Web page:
Lose weight the CUBAN way: Economic crisis triggered an average weight loss of 11lb and slashed the risk of heart disease and diabetes

Lose weight the CUBAN way: Economic crisis triggered an average weight loss of 11lb and slashed the risk of heart disease and diabetesResearchers studied the effect of food and fuel shortages in early 1990s These sparked a reduction in eating and large increases in physical activityReport showed benefits were seen in a relatively short period of timeBut as soon as the economy started to recover, citizens re-gained weightDeaths from diabetes and heart disease also soared By Anna Hodgekiss PUBLISHED: 22:54 GMT, 9 April 2013 | UPDATED: 09:30 GMT, 10 April 2013 A country where economic crisis led to food and fuel shortages saw the average citizen lose 11lb and death rates from heart disease and diabetes fall considerably.

How a bowl of pasta with tomato sauce and salad could cut your risk of having a stroke

How a bowl of pasta with tomato sauce and salad could cut your risk of having a stroke For every seven grams of fibre that a person consumes their risk of a first stroke falls by seven per centFibre reduces blood pressure and cholesterol levelsSources include whole grains, fruit and vegetables .

Playing football could be the best way for men to tackle high blood pressure

Playing football is the best way for middle-aged men to tackle high blood pressure Blood pressure levels dropped twice as much among those who played football for two hours a week compared to those given GP adviceThey also lost 4lbs of body fat on average | UPDATED: 09:18 GMT, 16 October 2012 Good news for those who have fading dreams of being the next David Beckham – a kick-about on the weekend is the best way to tackle hypertension.

Women¿s hearts ¿get twice the benefit from fish oil than mens¿

Women's hearts 'get twice the benefit from fish oil than men's Oils found in salmon, mackerel and tuna improve chances of surviving a repeat heart attackIn tests, women had double the benefit compared with menAt least 39,000 women suffer heart attacks every year | UPDATED: 11:23 GMT, 12 October 2012 Eating oily fish may boost women’s heart health more than men’s, claim researchers.

Being bossed around at work "raises risk of heart attack by 23%"

Being bossed around at work 'raises risk of heart attack by 23%'Workers who feel over-pressured yet powerless are more at danger than those who suffer less stress | UPDATED: 23:48 GMT, 13 September 2012 Being in a stressful job where you are bossed around could raise the risk of a heart attack by a quarter, warn researchers.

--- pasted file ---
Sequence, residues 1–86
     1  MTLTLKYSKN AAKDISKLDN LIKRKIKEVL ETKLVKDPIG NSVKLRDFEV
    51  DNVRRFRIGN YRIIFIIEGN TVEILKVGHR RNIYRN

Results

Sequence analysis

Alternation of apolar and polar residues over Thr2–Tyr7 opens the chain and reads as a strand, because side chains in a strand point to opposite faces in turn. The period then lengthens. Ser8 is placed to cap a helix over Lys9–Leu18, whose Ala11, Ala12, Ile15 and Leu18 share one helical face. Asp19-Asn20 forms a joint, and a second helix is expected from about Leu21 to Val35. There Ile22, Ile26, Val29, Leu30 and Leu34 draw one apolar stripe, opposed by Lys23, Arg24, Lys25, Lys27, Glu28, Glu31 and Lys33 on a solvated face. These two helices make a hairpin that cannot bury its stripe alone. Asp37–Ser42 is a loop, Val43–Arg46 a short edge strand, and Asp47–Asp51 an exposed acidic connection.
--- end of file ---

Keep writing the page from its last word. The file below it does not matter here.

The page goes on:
Eating egg yolks is as "bad as smoking" in speeding up coronary artery disease

Eating egg yolks is as 'bad as smoking' in speeding up coronary heart diseaseEgg yolks were found to contribute to the build up of plaques in the arteries | UPDATED: 16:54 GMT, 14 August 2012 Regularly eating egg yolks is about two-thirds as bad as smoking when it comes to the build up of plaques in arteries Scientists have unscrambled the truth about eggs – eating the yolk is almost as bad as smoking in those at risk of heart disease.

How broken heart syndrome PROTECTS the grief-stricken from dying

How broken heart syndrome PROTECTS the grief-stricken from dying Around two per cent of people thought to have had a heart attack are diagnosed with the syndromeIt gives the heart a 'balloon-like' appearance but symptoms go after two weeks PUBLISHED: 13:10 GMT, 27 June 2012 | UPDATED: 13:13 GMT, 27 June 2012 People who suffer from intense grief after the death of a loved one are often said to be at risk of dying from a broken heart after developing symptoms of cardiac arrest.

No good for your heart: Good cholesterol doesn"t lower cardiac arrest risk

'Good' cholesterol is not so great for you as study finds it doesn't lower heart attack risk | UPDATED: 15:50 GMT, 17 May 2012 Have a balanced meal to cut down on bad cholesterol We all know lowering 'bad cholesterol' – known as Low-Density Lipoprotein or LDL – helps the heart.

Stress levels and smoking: Why your dad"s bad habits may have wrecked your genes

Stress levels and smoking: Why your dad's bad habits may have wrecked your genes | UPDATED: 01:40 GMT, 1 May 2012 For years, scientists and doctors have blamed illnesses on our parents, showing how conditions such as blindness and deafness can be passed down genetically, and bad lifestyle habits can put babies at risk of heart defects.